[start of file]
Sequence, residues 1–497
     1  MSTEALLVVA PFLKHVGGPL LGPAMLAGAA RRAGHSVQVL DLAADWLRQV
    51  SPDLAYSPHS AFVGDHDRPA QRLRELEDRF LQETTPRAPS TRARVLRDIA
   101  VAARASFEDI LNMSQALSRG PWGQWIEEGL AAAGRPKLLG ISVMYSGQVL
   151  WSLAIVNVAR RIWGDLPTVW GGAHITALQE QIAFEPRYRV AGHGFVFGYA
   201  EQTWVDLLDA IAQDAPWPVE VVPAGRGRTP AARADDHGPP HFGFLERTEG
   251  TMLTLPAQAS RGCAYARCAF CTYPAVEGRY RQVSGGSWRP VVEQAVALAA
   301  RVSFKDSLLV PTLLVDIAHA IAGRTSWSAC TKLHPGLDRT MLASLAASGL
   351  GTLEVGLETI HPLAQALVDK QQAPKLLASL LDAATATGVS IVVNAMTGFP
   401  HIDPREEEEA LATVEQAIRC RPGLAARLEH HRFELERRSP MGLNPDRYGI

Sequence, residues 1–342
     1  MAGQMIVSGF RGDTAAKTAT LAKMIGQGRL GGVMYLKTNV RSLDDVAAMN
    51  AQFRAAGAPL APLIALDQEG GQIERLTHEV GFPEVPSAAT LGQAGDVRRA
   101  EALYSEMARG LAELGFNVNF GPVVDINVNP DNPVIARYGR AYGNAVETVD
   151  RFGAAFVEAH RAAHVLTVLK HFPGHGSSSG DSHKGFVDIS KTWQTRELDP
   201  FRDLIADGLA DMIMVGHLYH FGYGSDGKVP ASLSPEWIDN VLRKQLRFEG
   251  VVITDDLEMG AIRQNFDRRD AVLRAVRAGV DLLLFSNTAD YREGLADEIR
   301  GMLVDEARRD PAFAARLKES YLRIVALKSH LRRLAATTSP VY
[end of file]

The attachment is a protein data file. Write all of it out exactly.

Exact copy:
Sequence, residues 1–497
     1  MSTEALLVVA PFLKHVGGPL LGPAMLAGAA RRAGHSVQVL DLAADWLRQV
    51  SPDLAYSPHS AFVGDHDRPA QRLRELEDRF LQETTPRAPS TRARVLRDIA
   101  VAARASFEDI LNMSQALSRG PWGQWIEEGL AAAGRPKLLG ISVMYSGQVL
   151  WSLAIVNVAR RIWGDLPTVW GGAHITALQE QIAFEPRYRV AGHGFVFGYA
   201  EQTWVDLLDA IAQDAPWPVE VVPAGRGRTP AARADDHGPP HFGFLERTEG
   251  TMLTLPAQAS RGCAYARCAF CTYPAVEGRY RQVSGGSWRP VVEQAVALAA
   301  RVSFKDSLLV PTLLVDIAHA IAGRTSWSAC TKLHPGLDRT MLASLAASGL
   351  GTLEVGLETI HPLAQALVDK QQAPKLLASL LDAATATGVS IVVNAMTGFP
   401  HIDPREEEEA LATVEQAIRC RPGLAARLEH HRFELERRSP MGLNPDRYGI

Sequence, residues 1–342
     1  MAGQMIVSGF RGDTAAKTAT LAKMIGQGRL GGVMYLKTNV RSLDDVAAMN
    51  AQFRAAGAPL APLIALDQEG GQIERLTHEV GFPEVPSAAT LGQAGDVRRA
   101  EALYSEMARG LAELGFNVNF GPVVDINVNP DNPVIARYGR AYGNAVETVD
   151  RFGAAFVEAH RAAHVLTVLK HFPGHGSSSG DSHKGFVDIS KTWQTRELDP
   201  FRDLIADGLA DMIMVGHLYH FGYGSDGKVP ASLSPEWIDN VLRKQLRFEG
   251  VVITDDLEMG AIRQNFDRRD AVLRAVRAGV DLLLFSNTAD YREGLADEIR
   301  GMLVDEARRD PAFAARLKES YLRIVALKSH LRRLAATTSP VY